Posted on June 9, 2011
By Kristen Buckles
Despite having lost her home and almost everything she owns because of the April tornadoes, Pamela Ward is exclaiming her praise to God -- for multiple reasons.
First, Ward is thankful that she and her family, including her three daughters and her husband, made it safely through the storms.
Second, she is grateful because East Tennesseans as far as Kingsport have stepped up to help her family during this difficult time.
Finally, Ward is thankful because on Monday morning $30,200 was deposited into her family's account from the Federal Emergency Management Agency (FEMA).
According to Susan Solomon, an official with FEMA, that amount is the maximum amount an individual may receive for housing assistance.
Ward said that she received the news via a Friday telephone call from a FEMA official, just two days after she presented her case to U.S. Sen. Lamar Alexander, R-Tenn.
Alexander met Ward at the FEMA post located at Camp Creek Elementary during his tour of the storm-damaged areas on June 1, more than a month after the tornadoes struck.
Ward recalls being "overjoyed" as she heard the good news during the Friday telephone conversation with FEMA officials.
"It was a great blessing. I was kind of speechless at first," she said. "Kevin [Ward, her husband,] thought it was bad news because I was crying."
Alexander said in a recent telephone interview that he has been pleased by FEMA's work and efforts and that he was "pleasantly surprised" by how well everyone -- officials and community members alike -- is working together to restore the area and help the victims.
"I thought the example of Pamela Ward ... was a typical example more than a special case," Alexander said. "Not every case works that quickly, but many do."
For those whose case has not had the same happy ending, Alexander has two recommendations.
The first is to contact FEMA. "Don't miss an opportunity," Alexander advised. Those who are eligible will likely get a fast response, he said.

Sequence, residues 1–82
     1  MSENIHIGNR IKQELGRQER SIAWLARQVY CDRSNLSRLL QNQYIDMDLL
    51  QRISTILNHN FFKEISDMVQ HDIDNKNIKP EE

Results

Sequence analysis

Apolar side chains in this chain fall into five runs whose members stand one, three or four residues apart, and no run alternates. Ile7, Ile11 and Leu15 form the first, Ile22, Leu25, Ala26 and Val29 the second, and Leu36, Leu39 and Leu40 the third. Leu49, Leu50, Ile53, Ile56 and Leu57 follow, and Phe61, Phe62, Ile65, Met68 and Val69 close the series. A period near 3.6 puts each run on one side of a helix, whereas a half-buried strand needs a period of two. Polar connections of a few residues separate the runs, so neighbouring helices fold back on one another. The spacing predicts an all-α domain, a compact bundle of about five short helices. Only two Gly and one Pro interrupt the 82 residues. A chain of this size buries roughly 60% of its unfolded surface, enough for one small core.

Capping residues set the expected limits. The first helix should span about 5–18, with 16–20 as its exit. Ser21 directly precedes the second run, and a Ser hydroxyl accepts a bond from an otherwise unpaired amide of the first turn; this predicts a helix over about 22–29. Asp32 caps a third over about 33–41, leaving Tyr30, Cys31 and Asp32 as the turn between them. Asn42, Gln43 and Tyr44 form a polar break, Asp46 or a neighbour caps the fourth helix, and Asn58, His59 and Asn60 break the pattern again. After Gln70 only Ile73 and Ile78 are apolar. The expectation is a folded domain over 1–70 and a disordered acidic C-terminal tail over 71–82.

Alexander's second recommendation is to remember that the "federal help will not make anyone whole." It can only help those who did not have insurance "get back on their feet," he said.
In Ward's instance, the family believed themselves to be insured, but the insurance only covered their mortgage.
As a result, the family lived in a local motel for weeks after the tornadoes. Their aid dried up two nights before they met Alexander in Camp Creek, which meant they were paying for the motel out of their own pocket.
"We could not afford to stay in that motel, even at a discounted rate," Pamela said.
The funds FEMA gave the Wards are allowing them to move forward in purchasing a new mobile home to replace the one that they lost in the storms.
Thanks to the generosity of Johnny Christian, of Luv Homes in Kingsport, the family set up a borrowed camper on their land on Wednesday. They anticipate being able to remain there while they wait for their new home.
Their previous home, at 860 Dunham Rd. in the Horse Creek community, was a three-bedroom single-wide mobile home that had just recently been renovated.
"I just absolutely loved my kitchen," Pamela Ward recalled, sharing details about her recently installed smooth-top stove and new cabinets.
Today, little evidence remains of the Ward home, which the tornado lifted across their neighbor's yard.
"We have to start completely over," she said. "It picked it up and just shredded it in the woods. All we had was just a few blocks left on the land. It just demolished it all."
Husband Kevin did not seek shelter at a nearby brick home with the rest of the family. Instead, he remained on their property to watch the lightning display.
While sitting in his pickup truck, Kevin Ward saw the funnel cloud.
He went to his knees on the floorboard and recorded the audio on his cell phone as the funnel passed overhead.
In just one minute, 25 seconds, the tornado tore away their home, backyard building and pool.
Kevin Ward's audio recording marked the time, during which he told Pamela he kept thinking, "Please go away, please go away."
Miraculously, the tornado only lifted and bounced the truck, leaving it on the property and allowing Kevin to escape unharmed.
It was just after 1 a.m. when Kevin Ward climbed back into his seat, unable to see through the darkness. He turned on his headlights to find that only a few blocks and spurting water remained where his home had stood just minutes before.
"All this other stuff is completely replaceable," Pamela Ward said, thankful for her family's safety.
In fact, she said she would like to "thank everybody from the bottom of my heart for all the support and the help we have received."
Many in the community have rallied around the family to help them with toiletries, food and other needed supplies, she said.
On Saturday, the Wards traveled around searching for a new mobile home that they could both enjoy and afford. Although it may be a month or more before their new home is in place, Pamela Ward is thrilled with the progress.
"Knowing that we're working to that point -- it's just such a big relief," she said.